It's All Too Much
Composer(s) : Lennon and McCartney
Year : 1968
Chords/Tabs: It's All Too Much
Notes on "It's All Too Much" (IATM)
KEY G Major
------- 2X -------
FORM Intro -> Verse -> Refrain ->
Refrain (guitar instrumental) ->
Refrain (trumpet instrumental) ->
Verse -> Refrain -> Refrain -> Outro (fadeout)
GENERAL POINTS OF INTEREST
Style and Form
- George's combination in this song of an harmonic drone with a
modal-like tune, pop-rock backbeat, and extended improvisatory
intro/outro yields an Indian/Western fusion that is at least
serendipitous if not ingenious.
- The overall feeling of a come-as-you-are jam session is amplified
by the extent to which the verse and refrain sections are are hard
to tell apart judging from the music along. Both sections are eight
measures long with a 4+4, AA' phrasing structure, and are performed over
a bassline drone over which virtually no harmonic motion takes place.
Whatever formal analysis we draw from the text is in ironic contrast
to the otherwise continuous texture of the track.
- This is yet another interesting Beatles example of how Gesture can
triumph over the specific gravity of Content by virtue of sheer length
and repetition. My own short list of nominees for this category includes
the likes of "I Wanna Be Your Man,"
"Rocky Raccoon," along
with the more explicitly jam session sections of
"You Never Give Me Your Money,"
(dig the infamous outtake!) and "12-bar Blues."
Melody and Harmony
- The tune places off-kilter emphasis on scale steps 2 (A) and 7 (F#),
while avoiding 4 (C); compare/contrast this with
"Within You, Without You."
- The only harmonic deviation from the G Major chord appears in the
refrain phrase, and even there, it's more a matter of voice leading
than full fledged root chord movement.
- The basic backing track of organ, drums, and lead guitar is supplemented
by trumpets and a bass clarinet. Artsy restraint is exercised by delaying
the trumpet entrance until the second instrumental break, and then bringing
it back for the final refrains, and for selected frames of the outro.
- George of course gets the double tracked lead vocal, backed by John and
Paul in the refrains and outro.
- The broad scope of the song is intimated right from the start with
a long two-phase intro that lasts a bit longer than a full minute.
- The first phase, alone, is 16 seonds long, and kicks off with
"To your mother" (in 9th grade I got punched VERY hard in the stomach
by one Leo Sullivan for saying this to him during home room), and a
high-pitched G Major chord followed by noisy feedback.
- The second phase is built out like this:
- One phrase worth of refrain (plus a single lingering "spacer" measure)
scored for organ without other backing instruments or percussion.
- One full instrumental refrain with lead guitar, bass and percussion
in the form of drum kit and handclaps; the latter recorded with a
surrealistically wide stereo image.
- One more full refrain, this time with George singing the title phrase,
starting off in the unlikely context of the pickup to the second measure
of each phrase; surprise :-) And there's one more spacer measure just
before the first verse kicks in.
- As mentioned above, we have a straightforward eight measure section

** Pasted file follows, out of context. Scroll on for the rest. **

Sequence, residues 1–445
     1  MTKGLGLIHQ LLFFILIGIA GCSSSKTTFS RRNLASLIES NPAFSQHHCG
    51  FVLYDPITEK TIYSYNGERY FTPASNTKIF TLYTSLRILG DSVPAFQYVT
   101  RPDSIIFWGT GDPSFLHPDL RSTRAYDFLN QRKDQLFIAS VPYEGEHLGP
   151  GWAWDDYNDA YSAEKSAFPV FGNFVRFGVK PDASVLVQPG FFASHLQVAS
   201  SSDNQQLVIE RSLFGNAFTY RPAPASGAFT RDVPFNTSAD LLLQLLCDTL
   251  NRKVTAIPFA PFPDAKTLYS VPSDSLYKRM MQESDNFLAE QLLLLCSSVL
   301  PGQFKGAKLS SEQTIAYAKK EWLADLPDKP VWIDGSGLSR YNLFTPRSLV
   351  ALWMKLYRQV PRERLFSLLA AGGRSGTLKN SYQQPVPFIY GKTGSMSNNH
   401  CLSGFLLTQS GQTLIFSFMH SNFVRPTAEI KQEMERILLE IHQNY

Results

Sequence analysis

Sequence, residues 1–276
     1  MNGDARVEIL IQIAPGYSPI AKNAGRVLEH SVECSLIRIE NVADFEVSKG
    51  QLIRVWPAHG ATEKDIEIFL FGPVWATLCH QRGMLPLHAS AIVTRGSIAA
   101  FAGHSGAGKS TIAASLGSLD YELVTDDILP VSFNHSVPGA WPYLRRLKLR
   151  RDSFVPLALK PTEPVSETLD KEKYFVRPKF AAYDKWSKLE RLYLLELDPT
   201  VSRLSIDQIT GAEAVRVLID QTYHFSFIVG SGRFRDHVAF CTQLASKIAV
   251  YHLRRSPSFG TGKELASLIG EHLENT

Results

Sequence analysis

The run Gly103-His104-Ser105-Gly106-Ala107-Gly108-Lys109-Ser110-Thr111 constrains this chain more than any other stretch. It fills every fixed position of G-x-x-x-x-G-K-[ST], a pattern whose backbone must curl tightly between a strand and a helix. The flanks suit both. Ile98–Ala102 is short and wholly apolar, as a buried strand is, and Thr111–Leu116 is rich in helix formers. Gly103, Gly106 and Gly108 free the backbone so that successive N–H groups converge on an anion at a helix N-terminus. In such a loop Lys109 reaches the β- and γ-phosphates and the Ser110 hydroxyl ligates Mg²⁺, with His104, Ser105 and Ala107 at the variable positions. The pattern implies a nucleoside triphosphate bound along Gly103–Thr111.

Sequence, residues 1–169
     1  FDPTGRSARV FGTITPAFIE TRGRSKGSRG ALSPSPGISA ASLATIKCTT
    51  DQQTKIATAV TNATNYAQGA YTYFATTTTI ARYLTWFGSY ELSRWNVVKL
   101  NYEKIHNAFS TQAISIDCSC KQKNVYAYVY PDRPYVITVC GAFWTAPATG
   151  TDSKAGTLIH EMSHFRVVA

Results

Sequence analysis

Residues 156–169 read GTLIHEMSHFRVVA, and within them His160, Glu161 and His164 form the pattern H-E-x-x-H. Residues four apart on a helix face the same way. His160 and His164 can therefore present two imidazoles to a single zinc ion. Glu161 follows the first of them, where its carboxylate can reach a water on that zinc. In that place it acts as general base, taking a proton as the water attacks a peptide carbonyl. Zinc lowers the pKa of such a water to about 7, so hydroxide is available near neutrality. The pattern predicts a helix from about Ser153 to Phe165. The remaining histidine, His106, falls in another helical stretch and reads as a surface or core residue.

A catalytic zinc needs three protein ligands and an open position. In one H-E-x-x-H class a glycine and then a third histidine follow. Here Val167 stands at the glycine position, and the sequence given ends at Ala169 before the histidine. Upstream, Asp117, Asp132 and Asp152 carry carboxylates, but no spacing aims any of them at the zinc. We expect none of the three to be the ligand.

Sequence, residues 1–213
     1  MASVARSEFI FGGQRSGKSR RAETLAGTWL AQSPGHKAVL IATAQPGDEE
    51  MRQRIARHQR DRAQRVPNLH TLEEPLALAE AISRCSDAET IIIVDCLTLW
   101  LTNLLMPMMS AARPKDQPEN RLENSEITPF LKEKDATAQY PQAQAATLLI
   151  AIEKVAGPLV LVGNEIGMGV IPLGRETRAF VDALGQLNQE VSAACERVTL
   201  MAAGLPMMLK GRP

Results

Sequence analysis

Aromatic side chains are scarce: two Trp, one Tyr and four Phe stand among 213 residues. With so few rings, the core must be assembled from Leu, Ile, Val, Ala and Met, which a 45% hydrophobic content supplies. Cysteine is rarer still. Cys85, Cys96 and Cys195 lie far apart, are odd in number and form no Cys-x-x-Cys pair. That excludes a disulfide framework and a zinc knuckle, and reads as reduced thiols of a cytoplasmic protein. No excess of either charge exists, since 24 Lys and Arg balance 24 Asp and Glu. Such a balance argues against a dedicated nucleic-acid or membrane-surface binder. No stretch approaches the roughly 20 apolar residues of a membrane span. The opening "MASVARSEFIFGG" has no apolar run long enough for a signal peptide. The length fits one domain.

with AA' parallel phrasing and just a plain I chord.
- And again, we have another eight measure section with AA' parallel
-------------- 2X ---------------
tune |E D |D B |E DBAG|B |
middle |C B |A B |C B |- |
bass |G |- |- |- |
- One measure spacers are added at the end of refrains that are
immediately followed by a verse section; i.e. the first refrain and
the trumpet break.
- Chord charts for this song will show a C Major chord on the downbeat
of measures 1 and 3, and an a minor chord on the downbeat of measure 2
above. I'll stand firm in my claim that there is NO root chord change
anywhere in this section; that it all boils down to neighbor tone motion
in the inner voices superimposed on to the pedal tone of G in the bass.
- The outro here weighs in at around 2:45 in commensurate balance
with the intro. Think about it: the duration of this outro is longer
longer than a non-trivial number of complete Beatles songs!
- On the one hand, you can try your best to "capture" this long
passage in terms of documenting its sequence of subsections; e.g.
title phrase vamping, trumpet fanfares, the quote from "Sorrow,"
the "dead" decalaration, a short instrumental break, followed by
increasingly giddy vamping on the title phrase into the sunset.
- But on the other hand, I dare you to try and analytically "reduce"
it in terms of insight very far beyond what it manifestly offers you
on the surface.
SOME FINAL THOUGHTS
- I have no doubt of George's mystical sincerity, but I cannot
escape the feeling in this song that he is self-effacingly winking
at us with the desideratum, "show me that I'm everywhere and get me home
in time for tea."
- It's an obliquiely phrased mixed message reflecting of an inner
conflict between spiritual striving and the backsliding lust for
bourgeois comfort and respectibility. Hesse's here, Harry Haller,
also know as "Der Steppenwolf," would have been proud. As he put it,
"one day I would learn to laugh. Pablo was waiting for me, and Mozart
"Oh, my God, he's a natural." 121398#160
Copyright (c) 1998 by Alan W. Pollack
All Rights Reserved
This article may be reproduced, retransmitted, redistributed and
otherwise propagated at will, provided that this notice remains
intact and in place.
Ook op Yellow Submarine:
Ook op Yellow Submarine Soundtrack:
(c) 2019 Serge Girard